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Early-Stage Analysis for MEMS Structural Optimization II: Its Application to Microrelay Reliability

[+] Author Affiliations
Koji Ishikawa, Takahiro Miki, Hiroki Mamiya, Q. Yu

Yokohama National University, Yokohama, Japan

Paper No. IPACK2005-73049, pp. 1631-1636; 6 pages
doi:10.1115/IPACK2005-73049
From:
  • ASME 2005 Pacific Rim Technical Conference and Exhibition on Integration and Packaging of MEMS, NEMS, and Electronic Systems collocated with the ASME 2005 Heat Transfer Summer Conference
  • Advances in Electronic Packaging, Parts A, B, and C
  • San Francisco, California, USA, July 17–22, 2005
  • Conference Sponsors: Heat Transfer Division and Electronic and Photonic Packaging Division
  • ISBN: 0-7918-4200-2 | eISBN: 0-7918-3762-9
  • Copyright © 2005 by ASME

abstract

This paper discusses a new structural optimization methodology for MEMS and its application to reliability evaluation of micro relays. Clarifying the relationship between system characteristics and design factors, our new design optimization method (called MESA) enables numerical evaluation of MEMS structures at the concept design stage. The relation is defined as sensitivity, which is calculated based on the system governing equations with an experimental method technique and a FEM analysis. The sensitivities show not only the effect of design parameters for the system performances but also the system tradeoffs. The MESA allows designers to obtain “rough” total system performance and create a new concept. The MESA is successfully applied to evaluate an electrostatic microrelay for DC/RF signal switching. With the aid of the MESA, we define existing problems of current cantilever-shape MEMS switches and propose new mechanical approaches in order to enhance the mechanical reliability. The MESA clearly shows us that there are tradeoffs in the switching phenomenon of cantilever microrelay. Based on the MESA information, a new switching concept, which has tri-state multi-finger lateral contacts, is established and the MEMS structure is designed and fabricated. The tri-state switching concept reduces the number of contacts and also disperses the impact energy, which aggravates adhesion. In addition, bi-electrostatic actuators increase the adverse force to prevent stiction without the increase of restoring force, which causes degradation or cracks of the contact surfaces. Furthermore, a new push-pull switching structure is designed as a second generation by means of the MESA. The MESA shows that the second concept will provide superior mechanical performance with keeping the high RF isolation.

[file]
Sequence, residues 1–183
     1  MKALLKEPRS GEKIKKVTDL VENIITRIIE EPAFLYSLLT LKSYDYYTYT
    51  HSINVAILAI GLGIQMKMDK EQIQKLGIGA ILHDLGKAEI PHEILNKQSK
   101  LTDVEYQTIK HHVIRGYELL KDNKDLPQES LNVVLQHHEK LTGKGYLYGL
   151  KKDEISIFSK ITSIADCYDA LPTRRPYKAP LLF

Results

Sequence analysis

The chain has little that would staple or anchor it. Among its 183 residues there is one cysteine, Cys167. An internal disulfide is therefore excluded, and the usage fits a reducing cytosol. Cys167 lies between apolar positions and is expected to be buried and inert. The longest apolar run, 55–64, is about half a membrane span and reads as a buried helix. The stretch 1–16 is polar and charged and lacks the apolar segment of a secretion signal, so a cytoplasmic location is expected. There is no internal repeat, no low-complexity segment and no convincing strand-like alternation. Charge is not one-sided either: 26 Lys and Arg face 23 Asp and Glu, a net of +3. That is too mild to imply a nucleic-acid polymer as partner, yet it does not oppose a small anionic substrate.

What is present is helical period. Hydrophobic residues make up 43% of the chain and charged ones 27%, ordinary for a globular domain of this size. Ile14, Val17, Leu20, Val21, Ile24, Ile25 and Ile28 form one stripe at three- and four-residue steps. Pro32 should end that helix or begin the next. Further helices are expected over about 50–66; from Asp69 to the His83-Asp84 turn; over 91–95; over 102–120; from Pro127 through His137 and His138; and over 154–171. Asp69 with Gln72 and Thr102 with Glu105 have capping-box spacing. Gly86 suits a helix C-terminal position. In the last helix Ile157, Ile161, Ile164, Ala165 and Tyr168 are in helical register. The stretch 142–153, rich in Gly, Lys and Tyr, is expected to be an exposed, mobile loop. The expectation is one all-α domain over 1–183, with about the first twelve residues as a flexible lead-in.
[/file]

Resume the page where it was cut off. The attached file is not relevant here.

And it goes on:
Copyright © 2005 by ASME

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